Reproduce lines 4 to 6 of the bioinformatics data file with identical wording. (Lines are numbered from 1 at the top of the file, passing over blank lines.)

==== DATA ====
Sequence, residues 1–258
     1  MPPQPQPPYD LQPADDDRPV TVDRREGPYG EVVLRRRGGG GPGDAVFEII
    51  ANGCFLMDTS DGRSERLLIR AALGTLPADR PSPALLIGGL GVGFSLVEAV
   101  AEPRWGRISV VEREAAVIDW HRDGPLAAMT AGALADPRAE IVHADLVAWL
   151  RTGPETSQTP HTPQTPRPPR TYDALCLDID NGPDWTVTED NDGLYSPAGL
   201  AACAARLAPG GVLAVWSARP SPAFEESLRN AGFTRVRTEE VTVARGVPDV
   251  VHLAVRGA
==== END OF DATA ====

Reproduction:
   101  AEPRWGRISV VEREAAVIDW HRDGPLAAMT AGALADPRAE IVHADLVAWL
   151  RTGPETSQTP HTPQTPRPPR TYDALCLDID NGPDWTVTED NDGLYSPAGL
   201  AACAARLAPG GVLAVWSARP SPAFEESLRN AGFTRVRTEE VTVARGVPDV